Exactly. One key little thing to notice: you say stupid spy documentar*ies.* There's so many successful operations (that we know of due to declassification) that people have been able to churn out these things by the boatload. That said, those stupid documentaries are not that far off from the truth. The Soviets were absolutely terrifying in intelligence work, and they were easily one of the most powerful, far-reaching, and effective intelligence networks to ever exist. In large part (but far from the most important to say the least!) because to a large degree, they could read their adversaries very well, and they certainly had our numbers.

    Intelligence work is an ugly business in any circumstances, but against us the Soviets took that ugliness up to an art form. They were merciless, they were pitiless, they were ruthless, and they operated without concern for morality or ethics of any kind outside the usual Soviet set. They were willing to stoop down lower than we would ever go and they knew and exploited it. Case in point what they'd do if they needed a prisoner we had nabbed back. In the traditional Hollywood version we'd usually be familiar with, there would be this epochal special operations rescue operation, where we would have a team of the elite gathered, practice umpteen times a day to maintain peak preformance, a long, long effort of trying to gather intelligence on the compound and everything in it, a precise timetable, and planning.....

    The Soviets did it far simpler. They just fanned out and arrested any Western citizens they could cook up bogus charges for in order to try and force our hand into a prisoner exchange. And all too often we would give in. Now, say what you will about that, and I know I would say a *lot* about it- most of it being unprintable here- but that is effective. Now, contrast that to when they were at war with the Germans. To the best of my knowledge they *never* tried this with the Nazis, and probably for good reason: it would not have worked.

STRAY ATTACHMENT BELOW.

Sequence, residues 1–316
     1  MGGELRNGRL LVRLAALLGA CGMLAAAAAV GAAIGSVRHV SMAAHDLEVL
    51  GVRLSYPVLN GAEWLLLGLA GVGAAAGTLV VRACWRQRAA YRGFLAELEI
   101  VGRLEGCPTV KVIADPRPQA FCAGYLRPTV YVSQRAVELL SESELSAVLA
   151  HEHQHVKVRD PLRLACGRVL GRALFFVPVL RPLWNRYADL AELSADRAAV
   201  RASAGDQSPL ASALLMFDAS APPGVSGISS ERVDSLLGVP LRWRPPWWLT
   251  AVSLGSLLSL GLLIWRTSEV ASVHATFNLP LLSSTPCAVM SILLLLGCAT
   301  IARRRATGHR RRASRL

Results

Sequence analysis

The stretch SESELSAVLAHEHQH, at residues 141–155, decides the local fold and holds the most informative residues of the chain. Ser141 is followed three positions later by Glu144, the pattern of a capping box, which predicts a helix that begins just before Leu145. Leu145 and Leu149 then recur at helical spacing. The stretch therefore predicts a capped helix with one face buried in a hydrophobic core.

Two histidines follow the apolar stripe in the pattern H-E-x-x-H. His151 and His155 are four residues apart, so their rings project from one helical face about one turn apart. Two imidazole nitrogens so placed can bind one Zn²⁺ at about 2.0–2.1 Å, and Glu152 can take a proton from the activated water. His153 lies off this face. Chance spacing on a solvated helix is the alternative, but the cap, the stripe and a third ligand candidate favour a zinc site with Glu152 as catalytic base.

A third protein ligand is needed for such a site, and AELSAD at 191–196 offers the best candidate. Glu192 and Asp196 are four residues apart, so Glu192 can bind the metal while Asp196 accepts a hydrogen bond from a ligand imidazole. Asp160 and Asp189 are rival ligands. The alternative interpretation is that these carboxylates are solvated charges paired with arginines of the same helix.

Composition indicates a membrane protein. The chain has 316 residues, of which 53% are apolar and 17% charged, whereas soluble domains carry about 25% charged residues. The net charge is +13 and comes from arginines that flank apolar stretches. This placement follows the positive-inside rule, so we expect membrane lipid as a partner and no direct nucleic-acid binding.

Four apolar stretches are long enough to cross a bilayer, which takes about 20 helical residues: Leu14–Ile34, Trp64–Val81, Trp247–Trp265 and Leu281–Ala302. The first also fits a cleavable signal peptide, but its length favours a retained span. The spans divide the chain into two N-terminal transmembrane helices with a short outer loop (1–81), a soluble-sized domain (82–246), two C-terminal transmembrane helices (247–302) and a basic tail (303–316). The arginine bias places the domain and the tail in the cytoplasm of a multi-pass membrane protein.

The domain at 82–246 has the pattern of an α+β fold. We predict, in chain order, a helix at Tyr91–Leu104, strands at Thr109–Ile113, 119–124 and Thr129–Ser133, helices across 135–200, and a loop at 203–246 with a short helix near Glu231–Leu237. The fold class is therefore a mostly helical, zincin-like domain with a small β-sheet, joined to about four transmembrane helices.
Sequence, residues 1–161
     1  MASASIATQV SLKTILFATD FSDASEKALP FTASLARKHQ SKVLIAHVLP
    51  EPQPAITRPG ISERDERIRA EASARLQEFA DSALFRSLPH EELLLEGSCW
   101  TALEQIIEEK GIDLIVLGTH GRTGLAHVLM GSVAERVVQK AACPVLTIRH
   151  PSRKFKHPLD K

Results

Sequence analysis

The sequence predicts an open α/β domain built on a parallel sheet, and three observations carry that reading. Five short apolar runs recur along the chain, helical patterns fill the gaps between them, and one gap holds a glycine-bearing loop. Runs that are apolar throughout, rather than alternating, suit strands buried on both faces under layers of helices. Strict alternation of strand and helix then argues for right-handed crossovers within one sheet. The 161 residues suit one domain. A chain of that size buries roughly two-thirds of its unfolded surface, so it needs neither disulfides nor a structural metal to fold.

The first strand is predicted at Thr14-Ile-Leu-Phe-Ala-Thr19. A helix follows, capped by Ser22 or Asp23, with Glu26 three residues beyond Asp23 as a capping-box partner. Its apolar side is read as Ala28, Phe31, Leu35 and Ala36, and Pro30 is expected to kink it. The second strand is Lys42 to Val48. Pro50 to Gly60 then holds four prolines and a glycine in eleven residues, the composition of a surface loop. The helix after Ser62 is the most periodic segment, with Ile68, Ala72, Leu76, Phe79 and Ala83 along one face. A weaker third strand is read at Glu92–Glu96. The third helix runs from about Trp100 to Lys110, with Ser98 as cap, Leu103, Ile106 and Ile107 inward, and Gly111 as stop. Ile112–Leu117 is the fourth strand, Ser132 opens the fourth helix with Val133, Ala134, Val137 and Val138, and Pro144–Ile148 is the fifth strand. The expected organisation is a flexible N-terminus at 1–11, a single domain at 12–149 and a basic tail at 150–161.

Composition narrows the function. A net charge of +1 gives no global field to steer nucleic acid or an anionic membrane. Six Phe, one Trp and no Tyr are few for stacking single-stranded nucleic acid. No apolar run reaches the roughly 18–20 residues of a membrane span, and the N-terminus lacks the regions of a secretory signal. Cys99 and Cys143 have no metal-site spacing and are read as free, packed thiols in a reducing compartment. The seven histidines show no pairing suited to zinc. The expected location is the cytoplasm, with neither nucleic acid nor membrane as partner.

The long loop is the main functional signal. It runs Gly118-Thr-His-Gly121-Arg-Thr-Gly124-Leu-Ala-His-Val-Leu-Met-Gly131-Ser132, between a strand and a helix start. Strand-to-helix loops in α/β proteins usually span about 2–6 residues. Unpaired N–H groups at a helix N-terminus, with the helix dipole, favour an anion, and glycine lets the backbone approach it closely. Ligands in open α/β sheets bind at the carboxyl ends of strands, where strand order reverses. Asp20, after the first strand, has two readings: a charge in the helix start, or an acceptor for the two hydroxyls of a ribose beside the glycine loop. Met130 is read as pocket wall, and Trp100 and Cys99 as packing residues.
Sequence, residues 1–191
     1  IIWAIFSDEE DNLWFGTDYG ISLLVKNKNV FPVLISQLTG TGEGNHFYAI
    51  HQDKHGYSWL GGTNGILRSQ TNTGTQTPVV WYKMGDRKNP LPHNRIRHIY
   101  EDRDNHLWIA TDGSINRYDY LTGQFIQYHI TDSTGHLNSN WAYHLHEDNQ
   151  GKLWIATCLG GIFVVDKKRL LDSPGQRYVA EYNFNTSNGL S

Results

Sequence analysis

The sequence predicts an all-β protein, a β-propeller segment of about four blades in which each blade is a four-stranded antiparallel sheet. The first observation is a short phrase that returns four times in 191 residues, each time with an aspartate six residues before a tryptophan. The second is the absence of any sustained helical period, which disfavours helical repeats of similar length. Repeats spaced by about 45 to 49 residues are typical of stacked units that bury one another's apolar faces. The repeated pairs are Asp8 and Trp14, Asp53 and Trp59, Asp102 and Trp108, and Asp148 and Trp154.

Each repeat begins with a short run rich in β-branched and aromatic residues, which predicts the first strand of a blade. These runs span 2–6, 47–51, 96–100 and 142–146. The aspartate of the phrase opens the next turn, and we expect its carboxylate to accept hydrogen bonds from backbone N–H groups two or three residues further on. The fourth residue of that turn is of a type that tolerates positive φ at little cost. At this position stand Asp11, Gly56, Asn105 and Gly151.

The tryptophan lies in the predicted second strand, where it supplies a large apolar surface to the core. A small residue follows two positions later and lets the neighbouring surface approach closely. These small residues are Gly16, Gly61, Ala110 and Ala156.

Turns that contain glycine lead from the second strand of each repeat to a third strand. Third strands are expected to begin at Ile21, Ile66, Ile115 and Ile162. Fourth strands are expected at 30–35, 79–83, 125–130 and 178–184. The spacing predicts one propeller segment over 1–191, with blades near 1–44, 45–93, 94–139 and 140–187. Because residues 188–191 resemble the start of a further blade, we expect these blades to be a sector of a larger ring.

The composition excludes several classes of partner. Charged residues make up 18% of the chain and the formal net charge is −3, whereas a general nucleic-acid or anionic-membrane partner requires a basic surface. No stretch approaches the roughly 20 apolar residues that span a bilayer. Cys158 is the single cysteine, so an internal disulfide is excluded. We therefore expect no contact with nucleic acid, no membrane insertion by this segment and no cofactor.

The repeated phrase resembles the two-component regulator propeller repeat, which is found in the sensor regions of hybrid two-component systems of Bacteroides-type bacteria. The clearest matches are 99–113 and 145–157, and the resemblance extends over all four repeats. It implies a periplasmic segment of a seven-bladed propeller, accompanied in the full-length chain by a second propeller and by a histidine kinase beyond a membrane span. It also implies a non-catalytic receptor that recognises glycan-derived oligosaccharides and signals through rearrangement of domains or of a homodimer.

That's the sort of stuff that made them so effective. It's just that whereas they trumped us through plain ruthlessness, we trumped them in a few places (like raw technological advantage and morale). So there is good reason why, but it's just not the whole story.

    Quote Originally Posted by Slaytaninc View Post
    True, and just like the Kursk salient, it doesn't take a genius to know what's going on. At Stalingrad it was pretty obvious that the Germans were overstretched along the front and had to rely on their allies, allies who weren't as well prepared as the Germans, lacking weapons and the experience that many of the survivors of the German defeats in the Soviet Counter-Offensive of 1941-42 were able to impart to rebuilt German units.

    It's remarkably self-evident that a largely horse-drawn and outnumbered German army stuck in an 11-mile long built up area isn't exactly terribly mobile, and that having a massively long front from Stalingrad into the Caucasus and the Black Sea leaves a lot of space to be covered so pourously.
    Exactly. They knew their basics. Where the intel really shined was the specifics it was able to dredge up, especially in the German camp. Because really, outside of "Fortress Finland" and to a lesser extent Italy (through sheer lack of logistics) the Soviets had decent ears to the ground throughout the European Axis. That was some of the expertise they used to identify things like where to punch through the Italian expeditionary forces, or how to guesstimate what the Axis commanders were doing. So it wasn't all one thing or another. It was definitely both at play. I still don't think an attack at Kursk would've gone terribly well, though. Intelligence can only compensate for so much.